Dealmakers would love to see M&A activity accelerate, but for now they'll have to settle for a steady pace.

By most estimates, deal flow in 2015 will be flat compared with a year earlier, when 306 mergers were announced. Through June 30, banks agreed to 145 mergers, topping last year's midway point by one deal. Still, 2014 was considered a breakthrough year by some industry experts, with the pace of consolidation increasing 37% from 2013.

While a level of enthusiasm for M&A exists, several factors are keeping it from fully revving up.

Many of the obvious partnerships have already taken place, so it is becoming increasingly harder to find deals to move the needle. Meanwhile, given regulatory scrutiny, many midsize banks are more frequently saying that smaller deals are not worth the time and effort.

"The interest is there, but it really comes down to the underlying principles of supply and demand and the supply of sell-side banks is diminishing," said Stephen Klein, a lawyer at Miller Nash Graham & Dunn. "There are just less choices for buyers looking for significant transactions."

The juxtaposition of interest versus reality was evident at Keefe, Bruyette & Woods' recent community bank investor conference in New York.

"There aren't that many targets, because we're adamant about staying in the Dallas-Fort Worth Market," said Kevin Hanigan, chief executive of the $6.5 billion-asset LegacyTexas in Plano, adding that there "are not a lot of independent, privately-held banks" in the area.

LegacyTexas — once known as ViewPoint Bank — has completed two deals since converting to a bank from a credit union in 2006. It bought the $1.9 billion-asset LegacyTexas Bank in January, adopting the seller's name.

While they've considered smaller deals, other bankers said it is simply cost-prohibitive to do a transaction unless it results in significant growth.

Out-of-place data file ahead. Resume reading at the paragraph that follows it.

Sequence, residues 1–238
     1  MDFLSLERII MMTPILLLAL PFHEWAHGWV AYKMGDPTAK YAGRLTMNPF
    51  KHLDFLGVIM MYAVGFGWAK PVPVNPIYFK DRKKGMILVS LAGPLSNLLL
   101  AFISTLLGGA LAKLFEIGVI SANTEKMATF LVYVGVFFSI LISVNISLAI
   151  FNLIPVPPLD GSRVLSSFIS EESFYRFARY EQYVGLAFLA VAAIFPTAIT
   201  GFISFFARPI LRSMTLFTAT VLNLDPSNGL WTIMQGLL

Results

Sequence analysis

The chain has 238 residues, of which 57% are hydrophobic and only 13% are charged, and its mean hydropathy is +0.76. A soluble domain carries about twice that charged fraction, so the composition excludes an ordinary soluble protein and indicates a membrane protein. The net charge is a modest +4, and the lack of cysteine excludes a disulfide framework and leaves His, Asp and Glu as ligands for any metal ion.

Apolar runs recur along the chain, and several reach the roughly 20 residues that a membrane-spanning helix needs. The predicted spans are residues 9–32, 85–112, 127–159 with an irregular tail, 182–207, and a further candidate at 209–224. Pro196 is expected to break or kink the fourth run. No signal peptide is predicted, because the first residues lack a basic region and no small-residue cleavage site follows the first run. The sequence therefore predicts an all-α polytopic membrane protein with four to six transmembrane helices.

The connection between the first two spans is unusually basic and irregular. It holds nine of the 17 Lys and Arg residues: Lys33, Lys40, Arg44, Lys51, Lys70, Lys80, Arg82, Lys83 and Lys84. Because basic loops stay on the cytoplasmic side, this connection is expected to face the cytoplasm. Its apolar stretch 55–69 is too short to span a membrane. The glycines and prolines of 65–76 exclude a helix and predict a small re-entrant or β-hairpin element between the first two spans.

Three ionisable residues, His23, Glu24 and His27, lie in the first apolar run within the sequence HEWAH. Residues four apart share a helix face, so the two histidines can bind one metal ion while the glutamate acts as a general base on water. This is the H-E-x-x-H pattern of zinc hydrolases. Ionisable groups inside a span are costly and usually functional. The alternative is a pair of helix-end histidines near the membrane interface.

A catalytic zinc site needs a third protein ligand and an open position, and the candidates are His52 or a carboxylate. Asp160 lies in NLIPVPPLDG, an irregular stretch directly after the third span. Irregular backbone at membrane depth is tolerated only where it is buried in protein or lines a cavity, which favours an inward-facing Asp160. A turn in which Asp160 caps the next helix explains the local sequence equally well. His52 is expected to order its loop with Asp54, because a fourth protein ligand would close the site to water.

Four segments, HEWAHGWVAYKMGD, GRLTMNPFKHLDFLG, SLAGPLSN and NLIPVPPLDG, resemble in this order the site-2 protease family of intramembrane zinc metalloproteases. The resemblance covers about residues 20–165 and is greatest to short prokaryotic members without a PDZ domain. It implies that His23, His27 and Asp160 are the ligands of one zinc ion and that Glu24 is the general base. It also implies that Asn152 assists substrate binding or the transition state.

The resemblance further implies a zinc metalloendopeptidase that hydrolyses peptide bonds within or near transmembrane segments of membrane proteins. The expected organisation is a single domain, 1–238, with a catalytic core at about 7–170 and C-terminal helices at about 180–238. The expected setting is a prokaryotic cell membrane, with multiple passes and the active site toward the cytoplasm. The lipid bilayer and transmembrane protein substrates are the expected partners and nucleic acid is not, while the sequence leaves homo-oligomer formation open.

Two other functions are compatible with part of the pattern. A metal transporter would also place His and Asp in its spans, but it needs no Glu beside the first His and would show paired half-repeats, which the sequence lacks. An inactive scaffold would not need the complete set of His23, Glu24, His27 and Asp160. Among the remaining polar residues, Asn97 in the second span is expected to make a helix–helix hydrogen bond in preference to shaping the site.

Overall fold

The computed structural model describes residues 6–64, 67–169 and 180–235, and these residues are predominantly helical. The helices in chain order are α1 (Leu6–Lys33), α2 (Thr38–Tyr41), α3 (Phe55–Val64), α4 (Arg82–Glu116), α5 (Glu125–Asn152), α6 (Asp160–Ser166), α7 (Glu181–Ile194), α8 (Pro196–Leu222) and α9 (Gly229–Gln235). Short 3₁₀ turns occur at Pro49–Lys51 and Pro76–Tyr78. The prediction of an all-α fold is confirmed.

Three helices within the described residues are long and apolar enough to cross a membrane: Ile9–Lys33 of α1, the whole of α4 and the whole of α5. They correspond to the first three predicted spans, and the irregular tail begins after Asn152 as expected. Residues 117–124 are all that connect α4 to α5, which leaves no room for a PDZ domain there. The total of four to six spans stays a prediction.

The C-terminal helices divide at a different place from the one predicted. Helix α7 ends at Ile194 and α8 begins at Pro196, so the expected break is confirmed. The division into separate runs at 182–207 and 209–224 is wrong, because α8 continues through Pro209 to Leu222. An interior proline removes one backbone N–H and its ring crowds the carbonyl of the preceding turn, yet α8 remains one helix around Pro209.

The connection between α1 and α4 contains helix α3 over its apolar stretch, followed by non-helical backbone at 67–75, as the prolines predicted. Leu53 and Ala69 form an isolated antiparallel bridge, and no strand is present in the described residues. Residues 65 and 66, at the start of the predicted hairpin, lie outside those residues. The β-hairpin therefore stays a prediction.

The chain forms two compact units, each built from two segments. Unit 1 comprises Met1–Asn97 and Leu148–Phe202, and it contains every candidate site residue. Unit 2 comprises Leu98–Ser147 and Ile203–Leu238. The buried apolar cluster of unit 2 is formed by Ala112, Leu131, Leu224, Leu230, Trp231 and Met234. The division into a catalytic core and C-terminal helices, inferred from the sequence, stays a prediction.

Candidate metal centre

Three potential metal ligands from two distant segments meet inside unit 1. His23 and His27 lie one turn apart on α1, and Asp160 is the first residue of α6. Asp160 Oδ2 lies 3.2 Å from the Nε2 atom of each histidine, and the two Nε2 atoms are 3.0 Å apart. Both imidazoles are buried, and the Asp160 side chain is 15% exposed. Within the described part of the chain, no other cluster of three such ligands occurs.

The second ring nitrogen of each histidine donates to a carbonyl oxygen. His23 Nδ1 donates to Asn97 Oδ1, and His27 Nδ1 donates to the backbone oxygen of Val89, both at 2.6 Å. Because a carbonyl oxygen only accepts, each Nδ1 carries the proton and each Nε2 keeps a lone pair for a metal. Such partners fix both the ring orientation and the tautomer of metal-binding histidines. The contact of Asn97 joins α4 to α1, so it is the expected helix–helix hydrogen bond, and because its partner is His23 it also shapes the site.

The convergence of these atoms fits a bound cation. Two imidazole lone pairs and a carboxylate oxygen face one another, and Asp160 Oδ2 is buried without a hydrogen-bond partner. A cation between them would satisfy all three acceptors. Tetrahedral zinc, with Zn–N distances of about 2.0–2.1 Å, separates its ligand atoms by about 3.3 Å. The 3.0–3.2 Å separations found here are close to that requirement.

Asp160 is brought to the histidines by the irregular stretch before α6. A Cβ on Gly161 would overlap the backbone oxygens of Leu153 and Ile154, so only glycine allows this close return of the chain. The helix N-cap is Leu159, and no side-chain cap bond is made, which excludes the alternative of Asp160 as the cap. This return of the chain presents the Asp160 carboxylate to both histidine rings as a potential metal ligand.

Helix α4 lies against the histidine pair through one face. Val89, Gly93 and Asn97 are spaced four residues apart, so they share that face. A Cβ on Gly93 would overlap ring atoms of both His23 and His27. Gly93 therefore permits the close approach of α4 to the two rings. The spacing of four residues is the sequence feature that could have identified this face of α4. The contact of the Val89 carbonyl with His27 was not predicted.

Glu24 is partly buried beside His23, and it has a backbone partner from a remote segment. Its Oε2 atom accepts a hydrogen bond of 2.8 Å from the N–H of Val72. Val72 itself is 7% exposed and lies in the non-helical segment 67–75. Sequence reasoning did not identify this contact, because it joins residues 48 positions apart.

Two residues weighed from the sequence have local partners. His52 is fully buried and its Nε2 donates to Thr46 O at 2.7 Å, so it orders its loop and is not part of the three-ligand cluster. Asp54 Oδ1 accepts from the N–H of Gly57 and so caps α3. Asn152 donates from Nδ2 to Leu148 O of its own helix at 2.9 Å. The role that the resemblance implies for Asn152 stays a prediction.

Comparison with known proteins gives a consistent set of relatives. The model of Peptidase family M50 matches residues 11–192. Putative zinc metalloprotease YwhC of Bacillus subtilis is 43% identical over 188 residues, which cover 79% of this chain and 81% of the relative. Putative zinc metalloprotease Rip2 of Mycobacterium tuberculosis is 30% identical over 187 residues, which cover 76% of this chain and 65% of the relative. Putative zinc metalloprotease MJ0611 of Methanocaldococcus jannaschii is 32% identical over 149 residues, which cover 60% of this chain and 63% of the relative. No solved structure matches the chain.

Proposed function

"At one point, we would have thought it prudent" to buy a $400 million-asset bank, said Sam Dawson, chief executive at the $4.7 billion-asset Southside Bancshares in Tyler, Texas. Given the "hoops you have to jump through, I think bigger is better."

Southside, which bought the $1.4 billion-asset OmniAmerican Bancorp in December, plans to take a hiatus from acquisitions until early next year to focus on integration, Dawson said.

This year has witnessed a handful of larger deals.

F.N.B. Corp., a $16.6 billion-asset company in Pittsburgh, agreed on Tuesday to pay $474 million for the $3 billion-asset Metro Bancorp in Harrisburg, Pa. The $7.6 billion-asset United Community Banks Blairsville, Ga., announced a $241 million deal in April for the $1.2 billion-asset Palmetto Bancshares in Greenville, S.C. And the $11 billion-asset Western Alliance Bancorp in Phoenix agreed in March to pay $425 million for the $1.8 billion-asset Bridge Capital in San Jose, Calif.

Big deals get big headlines, but smaller institutions have dominated M&A activity, with roughly 85% of deals at midyear involving sellers with $500 million or less in assets.

Some executives are content to buy smaller banks because it is less of a sellers' market.

"We haven't at this point run into a whole lot of competition," said Hoppy Cole, chief executive at the $1.1 billion-asset First Bancshares in Hattiesburg, Miss. He said there are very few publicly traded companies in southern Mississippi that are keen on buying small banks.

First Bancshares has been a regular acquirer, recently agreeing to buy the $78 million-asset Bay Bank in Mobile, Ala.

A number of other factors are affecting the pace of consolidation, said Chris McGratty, an analyst at KBW, including the impact of potential interest rate hikes, the future of legislation tied to the current $50 billion-asset threshold for systemically important financial institutions higher and the normal tug-of-war on pricing.

"There is no shortage of buyers, but a lot of times it just comes down to price," McGratty said.

Other bankers view themselves as being averse to deals, at least to the degree that they will not buy just for the sake of buying.

John Patrick, chief executive at the $2.6 billion-asset First Connecticut Bancorp in Farmington told attendees at the KBW conference that he'd rather not dilute shareholder value. Instead, Patrick said he is more focused on organic growth

"I don't need a t-shirt that says 'I did an M&A deal,'" Patrick said.

Robert Barba contributed to this report.

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